An NIH investment in health equity - the economic impact of the Flint Center for Health Equity Solutions

Cristian I. Meghea, Barrett Wallace Montgomery, Roni Ellington, Ling Wang, Clara Barajas, E. Yvonne Lewis, Sheridan T. Yeary, Laurie A. Van Egeren, Debra Furr-Holden

Research output: Contribution to journalArticlepeer-review


Background: Health disparities are pervasive and are linked to economic losses in the United States of up to $135 billion per year. The Flint Center for Health Equity Solutions (FCHES) is a Transdisciplinary Collaborative Center for health disparities research funded by the National Institute of Minority Health and Health Disparities (NIMHD). The purpose of this study was to estimate the economic impact of the 5-year investment in FCHES in Genesee County, Michigan. Methods: The estimated impacts of FCHES were calculated using a U.S.-specific input/output (I/O) model, IMPLAN, from IMPLAN Group, LLC., which provides a software system to access geographic specific data regarding economic sector interactions from a variety of sources. This allowed us to model the cross-sector economic activity that occurred throughout Genesee County, Michigan, as a result of the FCHES investment. The overall economic impacts were estimated as the sum of three impact types: 1. Direct (the specific expenditures impact of FCHES and the Scientific Research and Development Services sector); 2. Indirect (the impact on suppliers to FCHES and the Scientific Research and Development Services sector); and 3. Induced (the additional economic impact of the spending of these suppliers and employees in the county economy). Results: The total FCHES investment amounted to approximately $11 million between 2016 and 2020. Overall, combined direct, indirect, and induced impacts of the total FCHES federal investment in Genesee County included over 161 job-years, over $7.6 million in personal income, and more than $19.2 million in economic output. In addition, this combined economic activity generated close to $2.3 million in state/local and federal tax revenue. The impact multipliers show the ripple effect of the FCHES investment. For example, the overall output of over $19.2 million led to an impact multiplier of 1.75 – every $1 of federal FCHES investment led to an additional $.75 of economic output in Genesee County. Conclusions: The FCHES research funding yields significant direct economic impacts above and beyond the direct NIH investment of $11 million. The economic impact estimation method may be relevant and generalizable to other large research centers such as FCHES.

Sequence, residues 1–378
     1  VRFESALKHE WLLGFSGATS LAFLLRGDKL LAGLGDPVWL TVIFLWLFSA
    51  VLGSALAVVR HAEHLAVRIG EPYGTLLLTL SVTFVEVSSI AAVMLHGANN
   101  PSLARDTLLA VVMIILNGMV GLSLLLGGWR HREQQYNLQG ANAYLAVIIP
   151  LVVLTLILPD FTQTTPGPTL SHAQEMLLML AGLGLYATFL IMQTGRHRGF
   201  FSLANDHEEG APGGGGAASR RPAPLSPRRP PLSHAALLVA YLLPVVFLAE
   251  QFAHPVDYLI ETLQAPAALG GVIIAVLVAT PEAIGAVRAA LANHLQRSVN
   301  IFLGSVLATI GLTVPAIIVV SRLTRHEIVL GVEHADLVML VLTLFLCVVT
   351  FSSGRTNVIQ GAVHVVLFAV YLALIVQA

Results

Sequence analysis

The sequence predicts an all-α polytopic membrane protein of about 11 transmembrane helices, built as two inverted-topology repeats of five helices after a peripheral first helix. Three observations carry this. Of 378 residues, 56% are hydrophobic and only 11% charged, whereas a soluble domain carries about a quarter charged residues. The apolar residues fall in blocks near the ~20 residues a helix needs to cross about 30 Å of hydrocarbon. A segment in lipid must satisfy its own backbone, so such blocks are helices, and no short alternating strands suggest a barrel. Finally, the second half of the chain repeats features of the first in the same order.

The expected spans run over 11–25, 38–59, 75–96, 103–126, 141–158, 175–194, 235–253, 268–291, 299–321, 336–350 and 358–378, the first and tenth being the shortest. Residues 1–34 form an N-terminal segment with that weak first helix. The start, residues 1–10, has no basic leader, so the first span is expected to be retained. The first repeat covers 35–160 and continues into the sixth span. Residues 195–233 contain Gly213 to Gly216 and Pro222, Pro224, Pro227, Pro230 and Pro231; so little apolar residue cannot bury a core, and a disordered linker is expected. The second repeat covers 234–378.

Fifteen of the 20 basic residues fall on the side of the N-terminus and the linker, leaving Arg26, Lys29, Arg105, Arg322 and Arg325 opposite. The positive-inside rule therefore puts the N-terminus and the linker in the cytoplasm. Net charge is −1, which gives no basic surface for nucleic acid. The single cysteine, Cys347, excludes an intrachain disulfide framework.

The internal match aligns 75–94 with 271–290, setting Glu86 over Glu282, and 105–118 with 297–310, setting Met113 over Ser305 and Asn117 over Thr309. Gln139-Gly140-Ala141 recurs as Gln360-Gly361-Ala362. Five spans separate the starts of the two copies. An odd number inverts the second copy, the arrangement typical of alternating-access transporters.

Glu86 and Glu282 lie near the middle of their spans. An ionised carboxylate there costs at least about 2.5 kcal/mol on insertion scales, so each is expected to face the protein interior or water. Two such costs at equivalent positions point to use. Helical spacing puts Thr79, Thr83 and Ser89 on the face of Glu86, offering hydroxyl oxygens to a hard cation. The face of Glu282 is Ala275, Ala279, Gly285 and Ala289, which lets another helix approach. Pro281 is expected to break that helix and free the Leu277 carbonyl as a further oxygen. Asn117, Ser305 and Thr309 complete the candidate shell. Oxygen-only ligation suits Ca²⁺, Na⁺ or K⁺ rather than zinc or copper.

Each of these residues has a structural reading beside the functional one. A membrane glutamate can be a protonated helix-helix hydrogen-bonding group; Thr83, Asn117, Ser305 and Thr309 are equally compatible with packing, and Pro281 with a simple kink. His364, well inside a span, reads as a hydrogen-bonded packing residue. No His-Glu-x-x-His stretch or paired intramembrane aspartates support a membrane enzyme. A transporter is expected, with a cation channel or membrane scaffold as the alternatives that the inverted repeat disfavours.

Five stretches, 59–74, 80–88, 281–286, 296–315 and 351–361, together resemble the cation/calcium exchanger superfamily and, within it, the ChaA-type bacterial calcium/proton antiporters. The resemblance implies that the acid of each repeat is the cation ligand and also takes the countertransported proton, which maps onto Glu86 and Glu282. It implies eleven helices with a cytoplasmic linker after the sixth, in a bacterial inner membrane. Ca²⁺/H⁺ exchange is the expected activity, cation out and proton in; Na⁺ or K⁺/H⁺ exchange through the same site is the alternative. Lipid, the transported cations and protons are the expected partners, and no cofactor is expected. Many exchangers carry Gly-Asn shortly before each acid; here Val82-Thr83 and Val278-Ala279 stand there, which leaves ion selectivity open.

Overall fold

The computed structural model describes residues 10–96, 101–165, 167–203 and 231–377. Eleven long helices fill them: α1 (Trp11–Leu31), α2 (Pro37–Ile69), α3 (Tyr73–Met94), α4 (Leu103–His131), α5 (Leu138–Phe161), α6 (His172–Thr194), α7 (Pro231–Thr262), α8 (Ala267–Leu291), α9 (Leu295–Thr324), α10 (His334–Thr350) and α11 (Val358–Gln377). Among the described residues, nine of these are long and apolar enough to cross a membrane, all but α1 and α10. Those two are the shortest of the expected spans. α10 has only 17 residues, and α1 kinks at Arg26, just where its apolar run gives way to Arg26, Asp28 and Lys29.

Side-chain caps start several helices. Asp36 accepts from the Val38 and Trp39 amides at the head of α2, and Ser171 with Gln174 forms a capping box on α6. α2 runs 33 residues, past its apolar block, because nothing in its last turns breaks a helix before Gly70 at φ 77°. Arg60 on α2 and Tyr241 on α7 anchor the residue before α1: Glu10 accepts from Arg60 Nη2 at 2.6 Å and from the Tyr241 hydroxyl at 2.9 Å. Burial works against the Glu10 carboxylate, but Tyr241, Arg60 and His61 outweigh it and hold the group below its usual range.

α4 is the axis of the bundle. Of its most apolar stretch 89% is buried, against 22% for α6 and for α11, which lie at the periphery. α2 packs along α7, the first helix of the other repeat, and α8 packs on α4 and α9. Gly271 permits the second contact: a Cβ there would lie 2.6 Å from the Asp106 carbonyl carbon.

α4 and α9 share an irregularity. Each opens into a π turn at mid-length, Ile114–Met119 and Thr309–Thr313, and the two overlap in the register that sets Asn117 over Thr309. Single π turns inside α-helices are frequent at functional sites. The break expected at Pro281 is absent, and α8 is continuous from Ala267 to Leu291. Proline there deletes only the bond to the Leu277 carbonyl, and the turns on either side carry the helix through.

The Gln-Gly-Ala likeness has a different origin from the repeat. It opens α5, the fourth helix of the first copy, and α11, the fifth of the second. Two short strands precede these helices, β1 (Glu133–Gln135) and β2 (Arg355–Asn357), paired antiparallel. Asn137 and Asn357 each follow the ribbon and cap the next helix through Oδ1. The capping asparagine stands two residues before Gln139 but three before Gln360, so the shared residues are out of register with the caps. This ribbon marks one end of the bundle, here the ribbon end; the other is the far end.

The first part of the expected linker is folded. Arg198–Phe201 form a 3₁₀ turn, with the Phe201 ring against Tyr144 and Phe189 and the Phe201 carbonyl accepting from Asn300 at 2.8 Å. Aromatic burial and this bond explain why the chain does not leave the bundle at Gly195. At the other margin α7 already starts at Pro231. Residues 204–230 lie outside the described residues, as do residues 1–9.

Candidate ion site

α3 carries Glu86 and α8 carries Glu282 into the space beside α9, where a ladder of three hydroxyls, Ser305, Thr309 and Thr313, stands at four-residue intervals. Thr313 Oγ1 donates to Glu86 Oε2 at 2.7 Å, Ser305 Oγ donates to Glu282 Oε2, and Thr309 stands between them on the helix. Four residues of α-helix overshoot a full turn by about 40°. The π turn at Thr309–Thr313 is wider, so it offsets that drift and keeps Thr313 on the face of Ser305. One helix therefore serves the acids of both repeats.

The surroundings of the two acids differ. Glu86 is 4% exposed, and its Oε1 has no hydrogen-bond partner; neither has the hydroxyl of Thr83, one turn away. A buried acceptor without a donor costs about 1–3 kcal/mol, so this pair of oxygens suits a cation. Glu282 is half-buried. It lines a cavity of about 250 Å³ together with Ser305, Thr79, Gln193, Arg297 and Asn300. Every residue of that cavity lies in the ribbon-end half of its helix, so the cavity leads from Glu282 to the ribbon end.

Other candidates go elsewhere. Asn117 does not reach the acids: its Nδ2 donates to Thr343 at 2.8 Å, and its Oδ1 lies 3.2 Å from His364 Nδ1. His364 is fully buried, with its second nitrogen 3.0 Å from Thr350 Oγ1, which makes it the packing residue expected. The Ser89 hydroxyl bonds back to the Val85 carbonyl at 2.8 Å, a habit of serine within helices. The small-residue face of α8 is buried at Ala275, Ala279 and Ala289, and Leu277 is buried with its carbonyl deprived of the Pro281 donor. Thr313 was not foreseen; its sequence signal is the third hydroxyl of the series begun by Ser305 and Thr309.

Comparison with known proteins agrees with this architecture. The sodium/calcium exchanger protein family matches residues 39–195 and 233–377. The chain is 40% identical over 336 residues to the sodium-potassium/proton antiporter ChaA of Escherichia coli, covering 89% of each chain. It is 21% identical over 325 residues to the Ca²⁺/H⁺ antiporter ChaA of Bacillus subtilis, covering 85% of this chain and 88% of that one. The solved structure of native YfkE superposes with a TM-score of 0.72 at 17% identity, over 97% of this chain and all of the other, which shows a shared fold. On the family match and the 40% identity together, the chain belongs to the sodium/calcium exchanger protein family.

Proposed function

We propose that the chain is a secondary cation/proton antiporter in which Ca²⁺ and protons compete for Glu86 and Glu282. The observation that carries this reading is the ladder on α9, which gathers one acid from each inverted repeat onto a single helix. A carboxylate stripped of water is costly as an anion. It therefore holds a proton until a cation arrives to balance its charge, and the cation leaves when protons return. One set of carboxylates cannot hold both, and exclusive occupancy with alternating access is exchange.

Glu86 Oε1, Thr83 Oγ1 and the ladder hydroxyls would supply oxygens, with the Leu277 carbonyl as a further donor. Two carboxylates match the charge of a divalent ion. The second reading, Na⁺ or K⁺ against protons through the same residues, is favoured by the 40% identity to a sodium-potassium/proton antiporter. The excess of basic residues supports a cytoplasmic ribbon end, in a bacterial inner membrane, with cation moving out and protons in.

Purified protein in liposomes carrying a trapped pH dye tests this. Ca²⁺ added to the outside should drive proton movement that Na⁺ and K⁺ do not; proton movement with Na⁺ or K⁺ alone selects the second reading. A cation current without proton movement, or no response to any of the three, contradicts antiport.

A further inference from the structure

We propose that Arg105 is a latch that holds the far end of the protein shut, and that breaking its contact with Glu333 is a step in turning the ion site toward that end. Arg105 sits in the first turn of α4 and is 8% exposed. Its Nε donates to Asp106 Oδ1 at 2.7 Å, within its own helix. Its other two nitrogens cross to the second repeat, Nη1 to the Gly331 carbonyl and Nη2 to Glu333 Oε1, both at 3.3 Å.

Original languageEnglish (US)
Article number1774
JournalBMC public health
Issue number1
StatePublished - Dec 2021


  • Economic impact
  • Health disparities
  • Return on investment

ASJC Scopus subject areas

  • Public Health, Environmental and Occupational Health


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